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Tuesday April 24, 2018

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April 23 is Tax Freedom Day

Each year the nonpartisan Tax Foundation publishes Tax Freedom Day. The day reflects the total tax burden of government for the year. For 2017, Tax Freedom Day falls on April 23. This is 113 days into the 365 day year.

Tax Freedom Day is a simple division of all taxes divided by average earnings per day. The government revenue is from individual, corporate, property, sales and excise taxes. Federal, state and local taxes are all included.

The total federal tax this year is $3.5 trillion. State taxes equal $1.6 trillion. The combined total is $5.1 trillion, which is 31% of our national income.

The total taxes of $5.1 trillion are greater than amounts Americans pay for food, shelter and clothing. The estimates are $1.7 trillion for food, $300 billion for clothing and $2.2 trillion for housing.

If the deficit of $612 billion is included in the calculation, Tax Freedom Day is extended 14 days to May 7. This is 18 days earlier than the latest spending and deficit Tax Freedom Day, which was May 25, 1945. This day reflected the higher spending level during World War II.

Tax Freedom Day may also be calculated for high and low tax states. The high tax states are Connecticut on May 21, New Jersey on May 13 and New York on May 11. Three low tax states are Mississippi on April 5, Tennessee on April 7 and South Dakota on April 8.

Editor's Note: Tax Freedom Day has been calculated each year for several decades. It provides a comparison of government spending for different years. Other Washington organizations have suggested an expanded calculation to determine Tax Freedom Day by taxpayer income levels. If other organizations report Tax Freedom Day by income levels, your editor will publish that data.

Hello – I Am From the IRS

In FS-2017-07, the Service announced policies designed to enable identification of IRS agents. The IRS continues to pursue tax collections, but hopes to help taxpayers avoid tax scammers.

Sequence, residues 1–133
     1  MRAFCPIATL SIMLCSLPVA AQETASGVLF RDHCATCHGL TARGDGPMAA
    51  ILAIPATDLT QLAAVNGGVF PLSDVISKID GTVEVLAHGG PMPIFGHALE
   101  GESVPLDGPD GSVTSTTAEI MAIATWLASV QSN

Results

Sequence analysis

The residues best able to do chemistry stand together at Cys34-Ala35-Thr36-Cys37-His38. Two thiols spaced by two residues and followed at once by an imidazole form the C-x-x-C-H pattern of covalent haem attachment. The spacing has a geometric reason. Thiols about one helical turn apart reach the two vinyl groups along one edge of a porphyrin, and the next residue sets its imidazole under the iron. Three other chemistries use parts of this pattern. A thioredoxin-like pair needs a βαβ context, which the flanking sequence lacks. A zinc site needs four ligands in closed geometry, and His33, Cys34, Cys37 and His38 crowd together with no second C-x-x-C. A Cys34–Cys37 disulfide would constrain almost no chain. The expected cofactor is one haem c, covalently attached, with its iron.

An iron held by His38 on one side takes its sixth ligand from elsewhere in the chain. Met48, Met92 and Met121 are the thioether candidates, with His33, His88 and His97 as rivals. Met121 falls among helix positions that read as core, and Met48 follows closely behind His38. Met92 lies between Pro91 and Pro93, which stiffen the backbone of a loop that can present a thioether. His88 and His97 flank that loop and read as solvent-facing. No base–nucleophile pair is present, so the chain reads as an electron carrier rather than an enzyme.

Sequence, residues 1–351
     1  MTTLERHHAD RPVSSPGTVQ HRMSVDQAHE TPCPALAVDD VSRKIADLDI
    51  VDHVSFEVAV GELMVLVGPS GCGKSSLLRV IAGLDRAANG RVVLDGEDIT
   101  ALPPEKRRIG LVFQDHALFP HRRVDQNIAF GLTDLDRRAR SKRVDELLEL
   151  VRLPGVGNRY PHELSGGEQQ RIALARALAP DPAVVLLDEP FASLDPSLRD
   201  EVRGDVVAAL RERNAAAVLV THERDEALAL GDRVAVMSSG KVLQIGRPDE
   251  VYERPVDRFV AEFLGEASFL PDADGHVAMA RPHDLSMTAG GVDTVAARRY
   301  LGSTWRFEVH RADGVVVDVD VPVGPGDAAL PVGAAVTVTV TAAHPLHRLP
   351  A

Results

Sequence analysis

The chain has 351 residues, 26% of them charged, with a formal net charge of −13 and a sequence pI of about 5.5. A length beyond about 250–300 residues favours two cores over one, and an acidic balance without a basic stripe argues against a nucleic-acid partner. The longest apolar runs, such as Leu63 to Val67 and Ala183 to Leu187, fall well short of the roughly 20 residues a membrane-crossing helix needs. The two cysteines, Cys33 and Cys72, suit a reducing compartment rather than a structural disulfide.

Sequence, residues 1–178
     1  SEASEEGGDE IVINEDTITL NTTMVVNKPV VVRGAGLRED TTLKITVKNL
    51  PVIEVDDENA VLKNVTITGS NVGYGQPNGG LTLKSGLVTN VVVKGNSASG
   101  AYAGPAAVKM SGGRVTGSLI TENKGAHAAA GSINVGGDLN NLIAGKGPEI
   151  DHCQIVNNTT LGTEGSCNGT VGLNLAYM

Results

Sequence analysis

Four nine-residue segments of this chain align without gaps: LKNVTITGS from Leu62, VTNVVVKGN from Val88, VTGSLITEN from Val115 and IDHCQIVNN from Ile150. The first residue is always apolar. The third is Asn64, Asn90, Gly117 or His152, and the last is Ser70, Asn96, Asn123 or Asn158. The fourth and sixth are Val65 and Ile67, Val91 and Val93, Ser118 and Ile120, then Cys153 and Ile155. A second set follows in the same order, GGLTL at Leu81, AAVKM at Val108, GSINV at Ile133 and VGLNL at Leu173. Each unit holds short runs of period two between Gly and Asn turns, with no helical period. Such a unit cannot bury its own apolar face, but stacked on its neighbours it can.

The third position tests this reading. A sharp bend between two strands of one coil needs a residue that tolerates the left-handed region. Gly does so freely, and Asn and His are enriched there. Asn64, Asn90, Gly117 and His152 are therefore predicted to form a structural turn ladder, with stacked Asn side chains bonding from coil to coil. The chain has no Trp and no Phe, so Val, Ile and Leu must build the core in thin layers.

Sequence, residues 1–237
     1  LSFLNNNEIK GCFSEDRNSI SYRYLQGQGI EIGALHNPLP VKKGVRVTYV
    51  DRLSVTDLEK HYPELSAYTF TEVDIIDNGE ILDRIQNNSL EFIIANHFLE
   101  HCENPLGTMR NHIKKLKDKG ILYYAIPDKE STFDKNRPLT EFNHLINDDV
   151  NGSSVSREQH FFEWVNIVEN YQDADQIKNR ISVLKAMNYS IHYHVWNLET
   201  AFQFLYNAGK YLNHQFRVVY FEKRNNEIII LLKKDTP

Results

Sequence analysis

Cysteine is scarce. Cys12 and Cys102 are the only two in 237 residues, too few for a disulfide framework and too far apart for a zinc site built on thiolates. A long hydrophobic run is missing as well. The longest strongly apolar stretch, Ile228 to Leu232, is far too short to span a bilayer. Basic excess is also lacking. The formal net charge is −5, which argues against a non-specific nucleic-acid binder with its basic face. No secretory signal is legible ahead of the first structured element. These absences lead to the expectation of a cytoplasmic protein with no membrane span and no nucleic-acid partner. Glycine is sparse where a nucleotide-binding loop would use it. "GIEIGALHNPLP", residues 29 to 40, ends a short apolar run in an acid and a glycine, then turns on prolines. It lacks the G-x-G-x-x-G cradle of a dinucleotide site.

There are several guidelines for IRS contacts with taxpayers.

1. Normal and Routine – Contacts usually will be by mail through the U.S. Postal Service. Most taxpayers will receive multiple mailed tax collection notices.

2. IRS Agents Are Prohibited – IRS agents will not demand immediate payments with a debit card, gift card or wire transfer. They will not require payment with no right to appeal. IRS agents will not threaten you with immediate arrest by the local police, revocation of your drivers license or deportation.

3. Revenue Agent Visits – An IRS Revenue Agent may make a personal visit. You may ask him or her for IRS credentials. The two credentials are called a "Pocket Commission" or an "HSPD-12 Card." The visits may be unannounced, but often the IRS Revenue Agent will call to set up an appointment.

4. Private Debt Collector – After giving a taxpayer and his or her representative written notice, the IRS may assign cases to a private debt collector. The private debt collector will request payment by a check to the U.S Treasury. There will be an official IRS address for the envelope.

5. Audits – An IRS revenue agent must first give notice of the audit by U.S. Mail. Revenue agents may then call for an audit appointment.

6. Criminal Investigation – An IRS criminal investigator is a law enforcement officer. He or she may make an unannounced visit to a home or business. A criminal investigator will not demand payment of taxes. The purpose of the visit is to investigate tax issues.

7. IRS Contacts – You may contact the Treasury Inspector General for Tax Administration if you suspect a tax fraud or tax scammer. The Service makes available an "IRS Impersonator Scam Reporting" page on www.irs.gov. You also may call 800-366-4484. If you suspect an email scam, do not click on any links. Forward the email to phishing@irs.gov.

Published April 21, 2017
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